Resist Consumption “We just consume too much stuff. And yet, people remain unhappy and uncertain as to why…consumption is not the key to happiness; production is. Meaningful work – that actually serves and benefits a neighbor, thereby making a real difference in the world – contributes to long-term happiness and well-being. Consumption just consumes.” I believe at JRHS we model this quite well. It may be in the daily mantra of campus and community care that a student learns to be more other-oriented. Or, it may be exposure to great historical figures who marked the way in this critical area. Or, it may be the overall technology philosophy at JRHS that we instill in the students that media consumption can never replace the far greater value of learning to live in and with the good and bad of real, face to face community.


Travel to experience the difference between “Need” and “Want” “You can learn a lot about your own culture by experiencing other cultures. Meaningful travel…is about engaging people in a culture who have assumptions about life, about economics, about government, far different than yours. And, it is especially about experiencing premodern economics – that is, subsistence living, connection to food acquisition, nature, and necessity.” A bedrock principle at JRHS has always been the Spring Mission Trip, in the school calendar. We greatly value taking students to near or distant lands to work for the Lord, and experience someone else’s life, if only for a few days. By way of example, this year’s Seniors have had the opportunity to travel to Appalachia, Haiti, Hungary, Switzerland, Washington DC, Manchester, and Philadelphia. We will never know in specific how these trips have impacted the heart, mind and world-view of our students, but we know one thing: they are far better off for it.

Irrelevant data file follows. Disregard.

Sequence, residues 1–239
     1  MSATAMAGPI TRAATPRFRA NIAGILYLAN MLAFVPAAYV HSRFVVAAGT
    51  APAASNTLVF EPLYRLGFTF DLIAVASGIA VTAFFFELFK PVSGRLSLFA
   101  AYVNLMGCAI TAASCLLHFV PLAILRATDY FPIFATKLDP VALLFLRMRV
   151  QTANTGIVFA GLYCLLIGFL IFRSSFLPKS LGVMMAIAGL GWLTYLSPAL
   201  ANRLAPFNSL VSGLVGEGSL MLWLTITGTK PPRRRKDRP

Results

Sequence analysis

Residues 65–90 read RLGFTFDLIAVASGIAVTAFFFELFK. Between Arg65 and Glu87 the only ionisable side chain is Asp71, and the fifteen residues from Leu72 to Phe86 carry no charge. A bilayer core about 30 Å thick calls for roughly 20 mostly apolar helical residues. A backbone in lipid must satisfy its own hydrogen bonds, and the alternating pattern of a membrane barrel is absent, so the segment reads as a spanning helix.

Become Truly Literate “Do you know how to read well? How to read critically – and therefore to think critically? America’s Founders understood literacy as a prerequisite for freedom and our form of self-government. Once we know how to read, what we read matters. So let’s build some reading lists of books you plan to wrestle with and be shaped by for the rest of your lifetime.” This too is a hallmark of a JRHS education – the reading of great literature across the ages and genres, all indexed towards the formation of a Biblical Worldview. When so much of education has redefined the purpose of literature to be an agent of social engineering, at JRHS we value the greatest, classic, timeless truths found in the canon of the best works of all time. At the end of the JRHS career, the diligent student can refer back to a treasure shelf of great works that have shaped his or her life.


So let’s stand up and be proud, Jesse Remington High School students, alumni, parents, faculty, staff and board – proud that we have a cohort of young students that are being raised and trained to be effective leaders for Jesus, no matter where he takes them. I’m excited not about Gen Y or Gen Z, but rather, our little slice of these two emerging generations. God can do great things with the right few.